When posts from the likes of Upworthy and BuzzFeed enter timelines and streams, they’re likely to be shared extensively. By their nature, these sites see content live and die by social share counts. However new information from Chatbeat indicates that these social share numbers don’t necessarily mean any of the viral content is being read.
Tony Haite, CEO of Chatbeat tweeted “We’ve found effectively no correlation between social shares and people actually reading.” This may come as a shock to social media managers or any service trying to emulate the success of Upworthy. As damning as it sounds, the truth is a little less straight forward than Haite’s comment.
The lead data scientist for Chatbeat, Josh Schwartz, clarified the statement while talking to The Verge. “There is obviously a correlation between number of tweets and total volume of traffic,” he said. “But just not a relationship between stories that are most heavily consumed and stories that are most heavily tweeted.”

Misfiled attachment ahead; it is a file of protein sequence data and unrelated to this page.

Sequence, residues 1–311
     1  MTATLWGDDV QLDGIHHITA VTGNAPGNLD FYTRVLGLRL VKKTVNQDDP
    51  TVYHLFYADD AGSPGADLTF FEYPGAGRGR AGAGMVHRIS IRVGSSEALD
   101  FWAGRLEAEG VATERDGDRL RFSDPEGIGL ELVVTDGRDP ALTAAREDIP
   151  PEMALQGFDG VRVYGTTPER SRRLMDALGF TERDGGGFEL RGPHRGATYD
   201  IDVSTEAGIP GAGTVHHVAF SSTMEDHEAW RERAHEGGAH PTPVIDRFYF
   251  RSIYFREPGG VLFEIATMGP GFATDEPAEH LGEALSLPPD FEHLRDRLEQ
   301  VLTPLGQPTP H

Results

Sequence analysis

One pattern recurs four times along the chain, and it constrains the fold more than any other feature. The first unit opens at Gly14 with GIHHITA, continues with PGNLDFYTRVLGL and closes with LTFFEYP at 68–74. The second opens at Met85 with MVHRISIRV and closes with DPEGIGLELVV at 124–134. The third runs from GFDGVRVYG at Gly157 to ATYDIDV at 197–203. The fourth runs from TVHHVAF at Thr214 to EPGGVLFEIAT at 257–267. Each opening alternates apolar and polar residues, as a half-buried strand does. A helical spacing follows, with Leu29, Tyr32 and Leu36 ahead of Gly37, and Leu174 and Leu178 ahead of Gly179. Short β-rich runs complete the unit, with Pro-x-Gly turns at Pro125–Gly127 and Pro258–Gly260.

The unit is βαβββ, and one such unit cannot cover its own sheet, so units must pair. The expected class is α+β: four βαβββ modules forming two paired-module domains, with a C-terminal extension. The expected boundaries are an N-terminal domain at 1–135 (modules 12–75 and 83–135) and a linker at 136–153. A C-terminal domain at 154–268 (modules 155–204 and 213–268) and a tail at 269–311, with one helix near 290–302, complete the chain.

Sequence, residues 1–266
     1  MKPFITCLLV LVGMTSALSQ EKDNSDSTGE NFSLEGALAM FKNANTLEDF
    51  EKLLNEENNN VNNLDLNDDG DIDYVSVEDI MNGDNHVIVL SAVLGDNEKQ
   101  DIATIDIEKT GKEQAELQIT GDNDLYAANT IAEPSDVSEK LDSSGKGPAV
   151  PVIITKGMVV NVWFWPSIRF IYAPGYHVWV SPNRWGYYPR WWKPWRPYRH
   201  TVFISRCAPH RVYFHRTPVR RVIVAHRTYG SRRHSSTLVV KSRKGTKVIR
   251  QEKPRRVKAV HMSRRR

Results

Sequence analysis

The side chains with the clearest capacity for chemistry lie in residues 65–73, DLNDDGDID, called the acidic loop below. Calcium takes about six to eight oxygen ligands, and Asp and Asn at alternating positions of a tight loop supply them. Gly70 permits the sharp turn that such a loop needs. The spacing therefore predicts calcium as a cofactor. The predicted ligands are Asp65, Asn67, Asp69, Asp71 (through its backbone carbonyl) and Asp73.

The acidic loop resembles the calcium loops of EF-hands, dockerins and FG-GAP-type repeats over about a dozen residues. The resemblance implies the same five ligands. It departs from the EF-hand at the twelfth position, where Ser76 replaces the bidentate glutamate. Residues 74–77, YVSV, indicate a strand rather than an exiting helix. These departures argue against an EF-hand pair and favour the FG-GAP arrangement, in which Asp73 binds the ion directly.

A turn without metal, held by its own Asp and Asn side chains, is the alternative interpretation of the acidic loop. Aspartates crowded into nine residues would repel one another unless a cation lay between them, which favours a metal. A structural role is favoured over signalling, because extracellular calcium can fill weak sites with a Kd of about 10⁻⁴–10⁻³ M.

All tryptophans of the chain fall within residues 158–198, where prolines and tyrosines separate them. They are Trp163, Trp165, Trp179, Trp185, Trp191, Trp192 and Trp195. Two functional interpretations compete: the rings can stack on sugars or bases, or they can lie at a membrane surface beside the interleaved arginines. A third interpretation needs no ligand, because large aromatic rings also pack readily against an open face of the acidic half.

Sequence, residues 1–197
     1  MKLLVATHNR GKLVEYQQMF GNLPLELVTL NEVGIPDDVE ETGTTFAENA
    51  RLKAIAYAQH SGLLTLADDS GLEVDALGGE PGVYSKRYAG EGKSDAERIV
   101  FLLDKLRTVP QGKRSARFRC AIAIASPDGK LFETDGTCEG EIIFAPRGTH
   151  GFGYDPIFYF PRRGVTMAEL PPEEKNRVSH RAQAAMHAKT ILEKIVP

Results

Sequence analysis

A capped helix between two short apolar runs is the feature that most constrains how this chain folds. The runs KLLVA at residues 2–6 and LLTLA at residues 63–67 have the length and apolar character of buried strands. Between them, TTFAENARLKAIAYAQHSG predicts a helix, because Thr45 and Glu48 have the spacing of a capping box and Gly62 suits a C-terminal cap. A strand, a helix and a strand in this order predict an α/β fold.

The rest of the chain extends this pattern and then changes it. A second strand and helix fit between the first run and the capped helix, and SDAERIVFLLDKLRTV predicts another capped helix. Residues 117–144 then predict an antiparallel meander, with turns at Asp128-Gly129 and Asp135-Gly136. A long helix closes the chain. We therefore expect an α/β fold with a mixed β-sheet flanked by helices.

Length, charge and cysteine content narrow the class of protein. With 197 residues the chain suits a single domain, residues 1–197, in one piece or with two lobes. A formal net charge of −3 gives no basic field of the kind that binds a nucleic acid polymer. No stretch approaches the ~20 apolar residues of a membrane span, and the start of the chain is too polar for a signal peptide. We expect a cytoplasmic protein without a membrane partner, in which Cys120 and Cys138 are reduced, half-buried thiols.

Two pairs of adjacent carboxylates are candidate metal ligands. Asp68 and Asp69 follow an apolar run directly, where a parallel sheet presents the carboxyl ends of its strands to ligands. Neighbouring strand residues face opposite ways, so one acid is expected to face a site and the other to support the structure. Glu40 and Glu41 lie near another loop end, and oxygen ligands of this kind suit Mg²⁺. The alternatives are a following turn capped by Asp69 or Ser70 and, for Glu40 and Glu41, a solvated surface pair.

Upworthy’s own data partially supports this theory. Readers who consume around a quarter of a piece of content are more likely to share than those who read less, or more of the story. The exception to this is the group that consumes the entire piece of content. Those who consumed the entire piece of content shared nearly 10 percent of the time, whereas the one quarter consumers shared a little less than eight percent of the time.
Because more people are sharing content that they just skimmed, the metric of page views is becoming less useful. Upworthy has started tracking “attention minutes” to get a better picture of how long users spend with its content. As share habits change, tweets and reshares are no longer reliable indicators of success.
Upworthy’s director of business intelligence David Mintz told The Verge, “Advertisers, and in particular advertisers interested in attention, don’t just want empty clicks.” The longer a user engages with a piece of content, the more time they can be exposed to an ad. And that’s the metric advertisers want, not page views or any other dubiously padded metric.
Image credit: Jemimus